Drug use and abuse is a real problem in society, but the effects of drug use on worker performance and safety need better documentation in order to accurately address these problems. The study of actual illicit drug use, defined dosages, temporal relationships, and effects on work-modeled or real workplace tasks should be addressed with respect to each specific drug in question.


Workplace drug testing may connote both punitive and remedial intent. The anticipated effect of workplace drug testing would be to deter drug use if the consequences of detection are undesirable to the individual user. Detection alone is of little value unless the drug use is discontinued. Most major corporations that have embarked


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Osterloh & Becker ********** Drug Testing in the Workplace


NIDA-Recommended Drug Tests Days Detectable After Use
Marijuana metabolite
Single use <7
Chronic abuse <30
Cocaine metabolite <3
Opioid metabolite <2
Phencyclidine <7
Amphetamines <2
Alcohol <1
Barbiturates <2
Phenobarbital <7
Benzodiazepines <3
Methaqualone <7
Methadone <4


on drug-testing programs have taken remedial action rather than punitive action by providing employee assistance programs (EAPs). Such programs may reduce costs by providing rehabilitation of an existing, well-trained employee, instead of having to train a new worker. The overall goals of employee drug testing include improvements in workplace safety, productivity, and product integrity so that the individual industry will have an improved fiscal bottom line.

Approaches to drug testing have included preemployment, probable-cause, safety-sensitive, and random testing. Preemployment testing is the most popular type of drug-testing program and perhaps the most effective with the least liability to the employer. Between 60% and 70% of small businesses in one eastern city (Godefroi & McCunney 1988) and 80% of Fortune 500 companies with drug-testing programs use the preemployment testing approach (Noel Dunivant & Associates 1985). Over a period of years, preemployment drug testing would be expected to lead to a lower incidence of drug use in the work population when drug users are screened out prior to being hired and old workers leave the work force by natural attrition. Probable-cause testing is useful in enhancing the presumption of drug use when poor performance is observed, evidence of intoxication is witnessed, or after accidents thought to be caused by intoxication. Supervisors and employees can be instructed to recogni! ze the signs of drug intoxication. While the detection of drugs in urine has no accurate relationship with behavior or pharmacologic effects, combining witnessed behavior with drug detection can provide a reasonable presumption that drug abuse or drug effects were present.

The random testing of workers by industry is a less popular approach in that it has several shortcomings. To identify most of the drug users in a population using a random testing approach, urine specimens must be collected frequently compared to the period of time that drugs may be present in the urine (see Table I). Random testing should be unannounced so that drug-using workers may not anticipate the time of drug testing and abstain from drug use during that period. This requires an added level of administration and management that may be more costly. While many approaches to drug testing have been examined in the courts (e.g., safety sensitive, probable cause, and preemployment), the legality of random testing programs has not been decided. Because of the potential for infringing on the right of privacy of individual workers (see legal issues section) some industries are steering away from random testing (Hoerr et al. 1988). While the specificity of drug testing (low fa! lse-positive rates) is good when performed properly, low efficiency of such testing may occur when the prevalence of drug abuse is also low. Whenever the prevalence of a test condition (ie., drugs being present) approaches the specificity of a test, the number of false-positives tests relative to the number of true-positives may be quite high. For instance, phencyclidine (PCP) is a relatively rare drug encountered in workplace drug-testing programs. If one in 1,000 workers actually had PCP in their wine and only one in 1,000 false-positives occurred in the testing procedure, then half of the positive results in such testing would be false-positive. Clearly, random testing should not be applied to types of drugs with very low prevalence.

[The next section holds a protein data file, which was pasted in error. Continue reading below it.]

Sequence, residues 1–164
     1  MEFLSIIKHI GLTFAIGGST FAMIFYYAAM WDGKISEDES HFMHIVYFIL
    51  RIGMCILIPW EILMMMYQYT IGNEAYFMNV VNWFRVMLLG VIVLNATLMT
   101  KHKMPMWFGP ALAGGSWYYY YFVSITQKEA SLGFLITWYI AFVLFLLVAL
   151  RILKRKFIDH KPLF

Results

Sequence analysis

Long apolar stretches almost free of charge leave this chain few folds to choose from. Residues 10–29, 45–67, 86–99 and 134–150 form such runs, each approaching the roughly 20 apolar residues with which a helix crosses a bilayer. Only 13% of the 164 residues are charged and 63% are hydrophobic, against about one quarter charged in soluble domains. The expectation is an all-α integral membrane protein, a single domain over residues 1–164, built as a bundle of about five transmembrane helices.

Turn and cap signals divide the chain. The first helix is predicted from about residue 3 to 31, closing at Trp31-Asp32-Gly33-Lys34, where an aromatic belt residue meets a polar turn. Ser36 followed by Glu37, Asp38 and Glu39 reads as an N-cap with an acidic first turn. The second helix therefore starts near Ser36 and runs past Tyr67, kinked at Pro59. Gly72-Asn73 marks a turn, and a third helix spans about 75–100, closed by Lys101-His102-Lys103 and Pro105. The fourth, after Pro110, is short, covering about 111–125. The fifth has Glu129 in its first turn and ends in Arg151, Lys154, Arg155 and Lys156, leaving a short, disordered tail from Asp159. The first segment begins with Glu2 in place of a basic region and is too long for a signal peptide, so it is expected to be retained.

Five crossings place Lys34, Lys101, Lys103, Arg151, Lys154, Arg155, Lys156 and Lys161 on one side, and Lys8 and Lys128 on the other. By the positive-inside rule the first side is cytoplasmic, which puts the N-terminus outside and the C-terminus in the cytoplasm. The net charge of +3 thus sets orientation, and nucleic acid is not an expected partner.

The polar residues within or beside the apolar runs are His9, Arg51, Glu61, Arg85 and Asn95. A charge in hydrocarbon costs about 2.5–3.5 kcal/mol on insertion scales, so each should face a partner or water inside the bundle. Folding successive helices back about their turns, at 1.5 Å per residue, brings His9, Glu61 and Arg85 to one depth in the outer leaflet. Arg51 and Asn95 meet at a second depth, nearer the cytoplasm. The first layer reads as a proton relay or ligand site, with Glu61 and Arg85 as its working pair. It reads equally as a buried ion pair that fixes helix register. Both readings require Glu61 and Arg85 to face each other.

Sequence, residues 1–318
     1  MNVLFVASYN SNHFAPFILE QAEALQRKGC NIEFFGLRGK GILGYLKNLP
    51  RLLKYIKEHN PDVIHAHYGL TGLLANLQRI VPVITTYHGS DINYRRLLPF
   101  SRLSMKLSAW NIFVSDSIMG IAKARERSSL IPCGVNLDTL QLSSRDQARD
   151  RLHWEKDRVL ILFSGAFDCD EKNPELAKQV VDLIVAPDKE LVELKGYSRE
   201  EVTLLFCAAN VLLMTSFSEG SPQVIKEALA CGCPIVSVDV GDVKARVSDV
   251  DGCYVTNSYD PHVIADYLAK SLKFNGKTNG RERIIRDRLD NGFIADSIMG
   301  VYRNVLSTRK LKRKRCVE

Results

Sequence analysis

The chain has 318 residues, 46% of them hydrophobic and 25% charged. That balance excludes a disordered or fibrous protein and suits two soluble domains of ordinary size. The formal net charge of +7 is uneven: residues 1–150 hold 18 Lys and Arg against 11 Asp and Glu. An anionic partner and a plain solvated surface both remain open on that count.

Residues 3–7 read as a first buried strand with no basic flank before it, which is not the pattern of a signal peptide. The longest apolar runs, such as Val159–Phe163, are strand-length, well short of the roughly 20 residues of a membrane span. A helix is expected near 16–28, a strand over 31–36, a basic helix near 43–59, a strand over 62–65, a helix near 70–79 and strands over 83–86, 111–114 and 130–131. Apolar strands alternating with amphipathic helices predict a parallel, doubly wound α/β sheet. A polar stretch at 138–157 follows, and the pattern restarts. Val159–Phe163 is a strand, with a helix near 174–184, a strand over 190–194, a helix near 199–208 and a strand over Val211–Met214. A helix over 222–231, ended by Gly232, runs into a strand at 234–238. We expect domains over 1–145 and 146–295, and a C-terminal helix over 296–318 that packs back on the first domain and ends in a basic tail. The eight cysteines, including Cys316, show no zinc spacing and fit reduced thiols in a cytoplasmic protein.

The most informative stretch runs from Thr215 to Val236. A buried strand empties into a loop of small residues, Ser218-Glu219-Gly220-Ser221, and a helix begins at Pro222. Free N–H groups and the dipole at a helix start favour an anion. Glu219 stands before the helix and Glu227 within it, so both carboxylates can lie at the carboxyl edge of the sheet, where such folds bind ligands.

This raises the question of which drugs should be tested. When working with laboratories, employers have the choice to select tests for drugs they think are problematic. Marijuana and cocaine are the drugs most often detected in surveys and programs. Opioids, amphetamines,



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Osterloh & Becker ********** Drug Testing in the Workplace